There are grey skies outside today and it would appear that our luck with the weather has held out just long enough to get us back home safely. This morning, the BBC weatherman said that the first autumn storm will strike on Sunday bringing with it 60 miles per hour winds. So as much as we’d love to still be out there on our journey, the elements seem to have decided that its about time to leave Amalia in the harbour and to return to our land based lives for a while.
This last week has really been a long slow wind-down for us. We spent a couple of days in the Solent getting jobs done on the boat and then headed back fairly quickly along the south coast to Ramsgate where we’ll keep Amalia for the winter.
We passed the needles under threatening skies and arrived in Cowes last Saturday, the 7th September, meeting up with my son Ed and his girlfriend Jenny who are both studying at the university there.
We were in early and moored up in Shepards Quay marina. There were three end of season regattas in the Solent that weekend so after a few hours we were well and truly pinned in by the other boats that had rafted alongside us:
The next day we crossed the Solent and moored up in Hamble, an overpriced marina in the arse-end of nowhere but with excellent facilities and workshops that we could employ to get the boat back into tip-top shape. Two days later, all jobs completed, we set off again with Ed on board, passing the old Solent fortresses on our way:
We spent that night at anchor in Chichester harbour and set off the following morning, passing Beachy Head and planning to stop for the night in Eastbourne marina.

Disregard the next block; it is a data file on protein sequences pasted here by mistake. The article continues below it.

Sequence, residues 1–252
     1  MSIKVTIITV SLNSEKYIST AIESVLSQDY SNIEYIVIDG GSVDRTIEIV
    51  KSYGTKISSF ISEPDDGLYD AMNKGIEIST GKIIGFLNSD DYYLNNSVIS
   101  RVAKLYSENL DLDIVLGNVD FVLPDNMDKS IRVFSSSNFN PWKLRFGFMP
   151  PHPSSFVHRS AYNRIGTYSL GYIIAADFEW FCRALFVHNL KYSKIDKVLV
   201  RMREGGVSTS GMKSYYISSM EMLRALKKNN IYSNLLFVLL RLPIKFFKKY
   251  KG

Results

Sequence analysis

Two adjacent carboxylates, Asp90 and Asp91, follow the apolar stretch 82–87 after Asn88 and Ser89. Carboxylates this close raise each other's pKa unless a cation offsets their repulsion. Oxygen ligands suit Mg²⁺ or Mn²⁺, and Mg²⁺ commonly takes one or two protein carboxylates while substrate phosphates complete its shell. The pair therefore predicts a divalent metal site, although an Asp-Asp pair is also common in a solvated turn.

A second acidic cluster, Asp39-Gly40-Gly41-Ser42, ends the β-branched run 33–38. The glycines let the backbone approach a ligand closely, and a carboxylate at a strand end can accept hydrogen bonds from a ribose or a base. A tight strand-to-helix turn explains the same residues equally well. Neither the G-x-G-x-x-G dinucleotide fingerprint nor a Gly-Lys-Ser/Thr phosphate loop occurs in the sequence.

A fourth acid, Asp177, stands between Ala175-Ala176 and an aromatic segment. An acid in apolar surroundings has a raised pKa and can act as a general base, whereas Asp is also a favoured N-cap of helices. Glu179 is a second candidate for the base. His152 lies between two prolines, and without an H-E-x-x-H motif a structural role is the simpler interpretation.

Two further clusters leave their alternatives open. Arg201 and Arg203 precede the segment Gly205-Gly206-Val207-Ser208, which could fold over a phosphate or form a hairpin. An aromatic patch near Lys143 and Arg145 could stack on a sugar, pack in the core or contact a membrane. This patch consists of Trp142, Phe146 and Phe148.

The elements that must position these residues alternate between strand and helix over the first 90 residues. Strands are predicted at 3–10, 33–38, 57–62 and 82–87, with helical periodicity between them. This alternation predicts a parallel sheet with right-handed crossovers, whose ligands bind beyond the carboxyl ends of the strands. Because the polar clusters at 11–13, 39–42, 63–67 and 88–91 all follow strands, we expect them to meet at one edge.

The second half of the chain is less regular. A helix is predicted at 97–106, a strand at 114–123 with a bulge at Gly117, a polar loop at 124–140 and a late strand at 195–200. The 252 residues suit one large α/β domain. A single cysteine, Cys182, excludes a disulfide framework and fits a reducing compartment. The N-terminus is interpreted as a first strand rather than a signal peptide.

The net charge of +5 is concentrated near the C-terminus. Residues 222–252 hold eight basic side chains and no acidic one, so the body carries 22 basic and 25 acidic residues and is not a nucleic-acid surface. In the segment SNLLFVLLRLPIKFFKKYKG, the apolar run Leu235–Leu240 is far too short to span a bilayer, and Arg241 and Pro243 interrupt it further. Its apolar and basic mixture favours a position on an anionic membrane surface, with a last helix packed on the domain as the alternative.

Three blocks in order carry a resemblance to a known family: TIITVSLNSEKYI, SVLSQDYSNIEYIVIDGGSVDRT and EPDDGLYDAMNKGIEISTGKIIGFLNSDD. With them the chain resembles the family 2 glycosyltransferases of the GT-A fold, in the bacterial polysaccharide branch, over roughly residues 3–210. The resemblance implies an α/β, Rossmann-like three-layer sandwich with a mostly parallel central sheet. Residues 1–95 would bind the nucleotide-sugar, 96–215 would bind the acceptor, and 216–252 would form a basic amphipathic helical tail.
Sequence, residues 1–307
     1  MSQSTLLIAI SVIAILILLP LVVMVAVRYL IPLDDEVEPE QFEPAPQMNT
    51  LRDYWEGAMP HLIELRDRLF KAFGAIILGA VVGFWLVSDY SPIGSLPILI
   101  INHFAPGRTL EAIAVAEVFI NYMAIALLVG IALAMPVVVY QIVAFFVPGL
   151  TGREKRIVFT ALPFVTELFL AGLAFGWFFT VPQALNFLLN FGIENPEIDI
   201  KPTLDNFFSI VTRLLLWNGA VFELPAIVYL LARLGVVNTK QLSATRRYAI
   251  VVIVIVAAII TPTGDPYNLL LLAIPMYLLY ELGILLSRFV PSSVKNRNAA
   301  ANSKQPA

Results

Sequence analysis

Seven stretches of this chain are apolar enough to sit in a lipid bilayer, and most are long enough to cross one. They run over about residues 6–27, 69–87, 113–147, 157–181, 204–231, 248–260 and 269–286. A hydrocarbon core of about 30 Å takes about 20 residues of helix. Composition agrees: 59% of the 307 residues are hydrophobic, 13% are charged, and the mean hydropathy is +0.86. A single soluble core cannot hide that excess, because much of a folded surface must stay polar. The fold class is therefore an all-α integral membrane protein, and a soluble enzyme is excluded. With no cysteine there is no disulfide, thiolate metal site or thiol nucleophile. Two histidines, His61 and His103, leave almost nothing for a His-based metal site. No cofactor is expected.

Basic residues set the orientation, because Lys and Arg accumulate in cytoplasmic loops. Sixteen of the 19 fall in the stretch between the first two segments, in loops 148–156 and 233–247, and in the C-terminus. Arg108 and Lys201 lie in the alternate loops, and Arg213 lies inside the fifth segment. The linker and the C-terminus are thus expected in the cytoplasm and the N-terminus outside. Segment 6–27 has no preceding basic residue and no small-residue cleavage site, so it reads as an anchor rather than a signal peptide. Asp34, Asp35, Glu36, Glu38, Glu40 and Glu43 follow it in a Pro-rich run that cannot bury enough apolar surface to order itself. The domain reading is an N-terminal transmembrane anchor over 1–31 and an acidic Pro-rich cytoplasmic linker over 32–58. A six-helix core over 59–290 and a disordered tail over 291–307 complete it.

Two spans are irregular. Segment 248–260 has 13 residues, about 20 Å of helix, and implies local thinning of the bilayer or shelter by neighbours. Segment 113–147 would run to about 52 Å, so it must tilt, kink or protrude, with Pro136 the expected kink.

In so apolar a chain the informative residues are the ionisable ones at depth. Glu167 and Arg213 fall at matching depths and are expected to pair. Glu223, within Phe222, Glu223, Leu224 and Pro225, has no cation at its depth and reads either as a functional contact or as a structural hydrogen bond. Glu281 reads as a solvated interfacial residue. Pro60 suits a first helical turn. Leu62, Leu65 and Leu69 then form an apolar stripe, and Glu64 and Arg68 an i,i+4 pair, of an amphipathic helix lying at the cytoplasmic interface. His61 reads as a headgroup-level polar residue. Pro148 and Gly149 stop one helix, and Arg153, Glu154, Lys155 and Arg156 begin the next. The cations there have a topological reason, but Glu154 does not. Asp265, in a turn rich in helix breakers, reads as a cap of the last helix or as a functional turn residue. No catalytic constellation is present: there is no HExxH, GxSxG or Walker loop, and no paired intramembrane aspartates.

There are a number of different tides in play along the south coast and the timing of their currents changes as you round each major headland. When travelling from west to east, as we were, it is possible to catch one favourable tide after another if you get your timing right.
Eastbourne was in sight as we rounded Beachy Head, but it was also clear that we’d timed it just about right to catch a good tide from there to Dungeness if we wanted to. Taking this option meant that we’d be able to pass Dungeness and arrive in Dover some seven hours later, at about 9pm. Arriving anywhere (let alone Dover) in the dark can be tricky and was something that we’d avoided doing anywhere on this trip, but it would put us a day ahead of schedule with deteriorating weather forecasts.
So, with Eastbourne in our wake and a new route to Dover plotted, we pressed on. Avoiding the busy traffic lanes and the ferries, we arrived dead on 9pm and crept into the marina for the night. Here we are passing the huge nuclear power station at the tip of Dungeness along the way:
The next day was a short hop on to Ramsgate where we completed our circumnavigation, and were greeted home by Alan and Vanessa with their son Alfie. Once tied up on the visitors pontoon, we celebrated in the local cafe with bacon rolls and champagne, a combination I can highly recommend:
Completing the circumnavigation has given us a big confidence boost in regard to our seamanship. It’s a huge achievement for us and I suspect spells the start of a more permanent lifestyle for us a little further down the line.
As ever, if you’d like to see more photos of our journey, then take a look at the albums on our Facebook page.